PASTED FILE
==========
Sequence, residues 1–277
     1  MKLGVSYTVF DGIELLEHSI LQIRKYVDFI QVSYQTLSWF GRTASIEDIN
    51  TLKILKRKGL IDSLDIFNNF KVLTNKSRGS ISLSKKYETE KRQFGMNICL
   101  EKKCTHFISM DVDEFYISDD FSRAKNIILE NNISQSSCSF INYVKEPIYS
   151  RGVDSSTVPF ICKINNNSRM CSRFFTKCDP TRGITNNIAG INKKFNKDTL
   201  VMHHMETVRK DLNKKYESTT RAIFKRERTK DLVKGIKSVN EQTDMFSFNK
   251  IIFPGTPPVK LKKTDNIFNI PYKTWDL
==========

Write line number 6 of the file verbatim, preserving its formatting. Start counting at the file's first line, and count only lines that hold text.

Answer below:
   201  VMHHMETVRK DLNKKYESTT RAIFKRERTK DLVKGIKSVN EQTDMFSFNK